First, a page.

ASP.NET Quick 'n Dirty Exception Logging*

If you need an easy way to handle logging exceptions in your ASP.NET web application but want to avoid all the complexities of using a logging library and / or setting up all the database "Stuff", here is  an easy way to handle it:


In web.config:

    <add key="logExceptions" value="true"/>
  </appSettings > 

In Global.asax.cs:

public class Global : System.Web.HttpApplication
        public static bool LogErrors = Convert.ToBoolean(ConfigurationManager.AppSettings["logExceptions"]);


protected void Application_Error(object sender, EventArgs e)

    if (LogErrors)
    Exception ex = Server.GetLastError().GetBaseException();
               DateTime.Now.ToString() + ": \r\n" + ex.Message + "\r\n" + ex.StackTrace);


What this does is grab the Exception (the one you didn't handle -- right? :-) and use the neato File.AppendAllText static method which will create the file if it isn't there, append your text, and close the file all in one swoop.    We write to our file in the /App_Data folder because that folder is automatically excluded from file change notification. We don't want our app recycling on us just because we logged an exception.

So by simply changing the appSettings element "logExceptions" to true, we can turn on "poor mans exception logging".


Silverlight Links

Thanks to an active developer / blogger community, my ittyurl.net site (which I originally developed for myself, but later realized that if I made it public, others might find it useful) -- now has a large number of active Silverlight links to their work, along with a few that I have added. Check it out if you are interested in Silverlight - I certainly am!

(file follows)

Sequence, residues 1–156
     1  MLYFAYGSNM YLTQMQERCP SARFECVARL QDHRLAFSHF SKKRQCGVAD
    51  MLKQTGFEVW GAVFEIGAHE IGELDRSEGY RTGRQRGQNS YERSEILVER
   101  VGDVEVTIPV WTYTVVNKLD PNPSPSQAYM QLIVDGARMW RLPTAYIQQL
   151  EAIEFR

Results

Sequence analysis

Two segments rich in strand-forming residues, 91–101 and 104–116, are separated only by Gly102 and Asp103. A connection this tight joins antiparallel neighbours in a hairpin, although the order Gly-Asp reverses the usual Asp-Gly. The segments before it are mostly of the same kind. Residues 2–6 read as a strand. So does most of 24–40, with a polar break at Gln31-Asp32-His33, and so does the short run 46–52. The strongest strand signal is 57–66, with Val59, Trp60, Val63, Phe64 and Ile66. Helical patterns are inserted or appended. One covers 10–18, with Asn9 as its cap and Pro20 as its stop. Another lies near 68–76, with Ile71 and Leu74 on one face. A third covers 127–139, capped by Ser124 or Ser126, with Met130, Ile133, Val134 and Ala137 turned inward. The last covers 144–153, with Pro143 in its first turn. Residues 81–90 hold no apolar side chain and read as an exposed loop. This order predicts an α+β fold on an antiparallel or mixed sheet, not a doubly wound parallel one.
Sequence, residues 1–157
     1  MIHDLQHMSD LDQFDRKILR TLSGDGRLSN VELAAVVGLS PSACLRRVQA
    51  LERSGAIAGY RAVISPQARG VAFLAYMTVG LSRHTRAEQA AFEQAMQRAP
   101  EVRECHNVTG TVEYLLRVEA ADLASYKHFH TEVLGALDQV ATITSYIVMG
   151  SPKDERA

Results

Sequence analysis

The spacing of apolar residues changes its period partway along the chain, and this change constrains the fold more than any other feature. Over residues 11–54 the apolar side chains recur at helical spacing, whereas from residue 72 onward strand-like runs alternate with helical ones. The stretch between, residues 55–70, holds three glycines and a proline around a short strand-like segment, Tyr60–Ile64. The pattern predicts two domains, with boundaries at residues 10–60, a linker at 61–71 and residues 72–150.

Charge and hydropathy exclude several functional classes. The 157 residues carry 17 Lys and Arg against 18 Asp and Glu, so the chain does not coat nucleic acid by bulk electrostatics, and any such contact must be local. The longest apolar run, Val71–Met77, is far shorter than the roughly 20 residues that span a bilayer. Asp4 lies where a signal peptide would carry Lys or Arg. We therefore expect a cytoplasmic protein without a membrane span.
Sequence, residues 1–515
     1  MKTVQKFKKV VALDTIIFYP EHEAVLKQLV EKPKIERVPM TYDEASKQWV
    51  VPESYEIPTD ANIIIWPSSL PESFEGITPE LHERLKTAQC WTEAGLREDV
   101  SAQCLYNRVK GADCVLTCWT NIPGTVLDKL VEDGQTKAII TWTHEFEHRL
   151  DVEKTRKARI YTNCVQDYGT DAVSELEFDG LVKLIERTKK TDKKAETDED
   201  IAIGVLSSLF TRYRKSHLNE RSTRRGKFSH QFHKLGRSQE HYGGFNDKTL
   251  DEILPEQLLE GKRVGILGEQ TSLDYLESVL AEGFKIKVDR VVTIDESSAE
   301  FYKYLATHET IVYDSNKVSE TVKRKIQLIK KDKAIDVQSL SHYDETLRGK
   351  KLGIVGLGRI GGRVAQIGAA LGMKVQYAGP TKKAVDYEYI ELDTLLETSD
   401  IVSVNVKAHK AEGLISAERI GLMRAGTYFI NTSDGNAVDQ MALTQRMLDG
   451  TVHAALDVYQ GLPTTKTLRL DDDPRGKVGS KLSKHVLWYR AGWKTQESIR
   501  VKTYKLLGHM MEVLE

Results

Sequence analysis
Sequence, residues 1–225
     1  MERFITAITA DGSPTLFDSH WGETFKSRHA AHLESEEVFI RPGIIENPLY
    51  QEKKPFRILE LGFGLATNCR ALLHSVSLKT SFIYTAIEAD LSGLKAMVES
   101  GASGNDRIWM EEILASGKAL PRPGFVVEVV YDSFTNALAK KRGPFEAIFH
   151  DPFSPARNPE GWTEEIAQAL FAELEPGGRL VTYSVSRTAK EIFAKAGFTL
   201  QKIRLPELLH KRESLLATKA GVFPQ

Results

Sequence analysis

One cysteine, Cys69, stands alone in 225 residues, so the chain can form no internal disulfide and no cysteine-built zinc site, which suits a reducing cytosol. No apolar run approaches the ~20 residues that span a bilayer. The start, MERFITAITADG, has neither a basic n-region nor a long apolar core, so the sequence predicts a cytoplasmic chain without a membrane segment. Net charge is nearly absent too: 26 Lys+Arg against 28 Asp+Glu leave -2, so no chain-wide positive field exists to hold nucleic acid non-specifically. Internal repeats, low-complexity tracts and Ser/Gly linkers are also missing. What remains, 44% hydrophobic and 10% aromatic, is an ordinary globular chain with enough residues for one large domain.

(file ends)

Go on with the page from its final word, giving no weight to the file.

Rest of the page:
* Disclaimer
All increased intelligence due to reading this matter becomes the property of Peter Bromberg's UnBlog (hereafter referred to as "The UnBlog") and will not be acknowledged or returned. Neural damage is the responsibility of the reader. Attempts to enhance mental capacity as measured by standardized metrics neither legally nor ethically compel The UnBlog to make commensurate enhancements in quality or content. Readers with demonstrated cranial enlargement or cortical thickening may be required to sign a liability/publicity/copyright release and to appear in an article on the UnBlog, provided they are also the star of an upcoming motion picture.
The UnBlog reserves the right to cancel, terminate, or modify people who use brain-embiggening technology because look, dude, this is Peter Bromberg's UnBlog and we don't fool around. (acknowledgements to wired.com).